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What evidence can I provide in my defence for a sexual assault charge?

One of the main questions asked by those who have been accused of sexual assault is what evidence they can provide to support their version of events. When faced with such serious allegations, individuals are very eager to provide information in support of their defence. At Roulston Urquhart, we recognize the impact a sexual assault accusation could have on your reputation and will utilize all relevant material in the development of your case.

As the accused, you have the right to testify in court. This will include explaining your version of events, responding to direct examination from your own defence lawyer and answering the cross-examination questions from the Crown Prosecutor. You may also provide video and photographic evidence in support of your case. These may include photos or video of the alleged incident if available. Messages, such as texts, emails etc. from the accuser may also be relevant if details of the charge are discussed within the conversation. Further, if messages are received from the accuser stating they are no longer interested in pursuing charges or other admissions are made these are highly valuable. In some cases, the accused may dispute being present at the alleged incident. Various supporting records can be used to claim being at a different location. For example, bank statements, receipts, photographs with time and location stamps, witnesses, and surveillance footage.

What can my evidence not be used for?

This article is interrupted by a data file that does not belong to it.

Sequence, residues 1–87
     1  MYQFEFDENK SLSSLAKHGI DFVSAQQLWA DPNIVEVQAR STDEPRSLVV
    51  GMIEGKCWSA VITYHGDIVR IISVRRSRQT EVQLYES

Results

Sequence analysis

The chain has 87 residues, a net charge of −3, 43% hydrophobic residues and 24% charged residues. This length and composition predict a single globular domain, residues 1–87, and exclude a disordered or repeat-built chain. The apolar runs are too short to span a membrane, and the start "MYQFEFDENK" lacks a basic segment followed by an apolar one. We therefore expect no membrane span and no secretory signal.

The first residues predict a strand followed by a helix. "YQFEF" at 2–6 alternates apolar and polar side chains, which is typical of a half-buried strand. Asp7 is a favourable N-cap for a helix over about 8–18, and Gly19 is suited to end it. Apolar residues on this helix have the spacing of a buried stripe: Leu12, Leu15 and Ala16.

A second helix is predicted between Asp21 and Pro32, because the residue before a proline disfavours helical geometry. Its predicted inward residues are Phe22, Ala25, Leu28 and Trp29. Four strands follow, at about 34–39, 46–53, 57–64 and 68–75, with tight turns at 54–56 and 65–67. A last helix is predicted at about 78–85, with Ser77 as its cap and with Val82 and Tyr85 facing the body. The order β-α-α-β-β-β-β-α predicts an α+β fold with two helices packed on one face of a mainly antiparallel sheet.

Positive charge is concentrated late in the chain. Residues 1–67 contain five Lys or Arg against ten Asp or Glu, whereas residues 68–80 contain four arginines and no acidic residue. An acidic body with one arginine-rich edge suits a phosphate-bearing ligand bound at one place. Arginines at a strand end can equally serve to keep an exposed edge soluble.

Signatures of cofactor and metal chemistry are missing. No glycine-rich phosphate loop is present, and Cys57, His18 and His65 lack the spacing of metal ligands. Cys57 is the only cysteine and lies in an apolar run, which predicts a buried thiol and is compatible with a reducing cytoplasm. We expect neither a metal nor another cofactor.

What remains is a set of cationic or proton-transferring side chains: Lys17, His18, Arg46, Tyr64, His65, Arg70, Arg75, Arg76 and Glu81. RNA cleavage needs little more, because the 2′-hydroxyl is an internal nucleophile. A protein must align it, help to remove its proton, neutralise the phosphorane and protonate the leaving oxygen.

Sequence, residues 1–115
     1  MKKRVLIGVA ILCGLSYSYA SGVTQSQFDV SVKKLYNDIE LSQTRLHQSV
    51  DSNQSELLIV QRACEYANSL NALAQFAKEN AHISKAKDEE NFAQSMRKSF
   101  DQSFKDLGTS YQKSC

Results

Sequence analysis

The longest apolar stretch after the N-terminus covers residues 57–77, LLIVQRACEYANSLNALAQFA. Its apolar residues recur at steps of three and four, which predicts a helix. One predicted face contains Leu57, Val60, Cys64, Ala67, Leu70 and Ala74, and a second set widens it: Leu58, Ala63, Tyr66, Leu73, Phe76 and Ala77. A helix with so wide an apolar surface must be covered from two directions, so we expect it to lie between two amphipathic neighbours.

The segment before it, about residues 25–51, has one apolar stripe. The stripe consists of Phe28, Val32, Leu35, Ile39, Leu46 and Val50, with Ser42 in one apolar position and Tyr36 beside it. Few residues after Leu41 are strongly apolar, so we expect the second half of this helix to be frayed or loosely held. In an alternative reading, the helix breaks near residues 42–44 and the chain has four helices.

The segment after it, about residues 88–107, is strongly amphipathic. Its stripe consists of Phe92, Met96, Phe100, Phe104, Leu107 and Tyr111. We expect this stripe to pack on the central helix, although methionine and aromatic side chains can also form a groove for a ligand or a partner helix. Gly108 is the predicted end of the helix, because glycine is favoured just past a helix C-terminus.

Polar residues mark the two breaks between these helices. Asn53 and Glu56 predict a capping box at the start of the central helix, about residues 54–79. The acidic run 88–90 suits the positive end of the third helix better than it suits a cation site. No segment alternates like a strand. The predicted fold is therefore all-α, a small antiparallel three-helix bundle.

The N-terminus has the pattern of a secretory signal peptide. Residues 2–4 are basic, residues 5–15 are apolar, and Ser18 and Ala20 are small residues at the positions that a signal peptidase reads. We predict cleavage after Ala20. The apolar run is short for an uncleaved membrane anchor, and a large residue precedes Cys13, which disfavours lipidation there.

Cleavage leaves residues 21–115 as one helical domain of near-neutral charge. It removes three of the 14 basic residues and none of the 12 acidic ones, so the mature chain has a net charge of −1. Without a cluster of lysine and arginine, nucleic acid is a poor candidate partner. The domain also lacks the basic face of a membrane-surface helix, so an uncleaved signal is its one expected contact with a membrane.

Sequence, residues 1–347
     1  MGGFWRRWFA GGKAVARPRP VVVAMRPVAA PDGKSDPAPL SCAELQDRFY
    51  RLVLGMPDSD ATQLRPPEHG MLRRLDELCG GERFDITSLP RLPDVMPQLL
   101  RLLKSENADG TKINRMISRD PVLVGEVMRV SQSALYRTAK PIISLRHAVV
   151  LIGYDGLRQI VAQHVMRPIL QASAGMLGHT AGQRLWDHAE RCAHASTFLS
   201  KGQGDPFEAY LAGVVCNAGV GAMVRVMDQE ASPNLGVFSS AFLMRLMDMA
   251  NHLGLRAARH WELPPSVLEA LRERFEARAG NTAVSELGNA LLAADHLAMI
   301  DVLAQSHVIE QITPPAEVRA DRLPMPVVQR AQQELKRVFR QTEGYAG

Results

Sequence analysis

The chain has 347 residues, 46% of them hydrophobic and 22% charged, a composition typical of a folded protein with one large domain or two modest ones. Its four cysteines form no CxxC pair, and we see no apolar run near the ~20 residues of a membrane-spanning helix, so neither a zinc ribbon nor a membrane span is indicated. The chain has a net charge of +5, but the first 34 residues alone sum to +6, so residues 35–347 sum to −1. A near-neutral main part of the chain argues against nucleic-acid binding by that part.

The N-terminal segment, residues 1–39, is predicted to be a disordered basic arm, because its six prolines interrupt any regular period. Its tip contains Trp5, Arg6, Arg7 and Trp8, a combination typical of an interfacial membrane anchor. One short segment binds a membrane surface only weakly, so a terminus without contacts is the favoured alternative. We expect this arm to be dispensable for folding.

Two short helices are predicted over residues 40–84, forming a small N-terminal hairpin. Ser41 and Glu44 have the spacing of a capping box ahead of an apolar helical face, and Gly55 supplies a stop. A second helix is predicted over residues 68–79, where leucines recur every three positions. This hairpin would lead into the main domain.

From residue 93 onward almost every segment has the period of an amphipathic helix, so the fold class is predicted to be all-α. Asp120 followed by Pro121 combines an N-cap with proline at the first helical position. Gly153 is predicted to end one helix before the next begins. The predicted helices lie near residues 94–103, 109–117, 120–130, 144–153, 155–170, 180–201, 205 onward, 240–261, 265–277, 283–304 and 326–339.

Relying on the accuser’s previous sexual history in an argument for the defence may be blocked in court. This is due to Canada’s “rape shield” law. It is a change to the Criminal Code which limits the testimony of prior sexual activity to very specific circumstances.

What evidence could the Crown bring on behalf of the accuser?

When an accuser alleges sexual assault against another individual, the Crown Prosecution Office represents the accuser in court. To strengthen the statements made, the Crown may have the accuser testify on the stand. This individual would then complete the similar steps on the stand including recalling their story, being questioned by the Crown Prosecutor and then cross examined by the defence council. The accuser may also present the same evidence as the accused such as photos, documented conversations, or witnesses. The accuser may also provide evidence that was collected by a medical professional. This may include medical records of trauma to the body or collection of bodily fluids, specifically DNA.

What evidence can both parties use?

As referenced previously, both sides can bring in similar sources of evidence. This consists of witness statements to the incident in question, forensic and photographic evidence, etc. As well, expert witnesses can testify to analyze evidence presented by both individuals. While similar types of evidence can be utilized by the accuser and accused, each source will be used to strengthen that individual’s argument.

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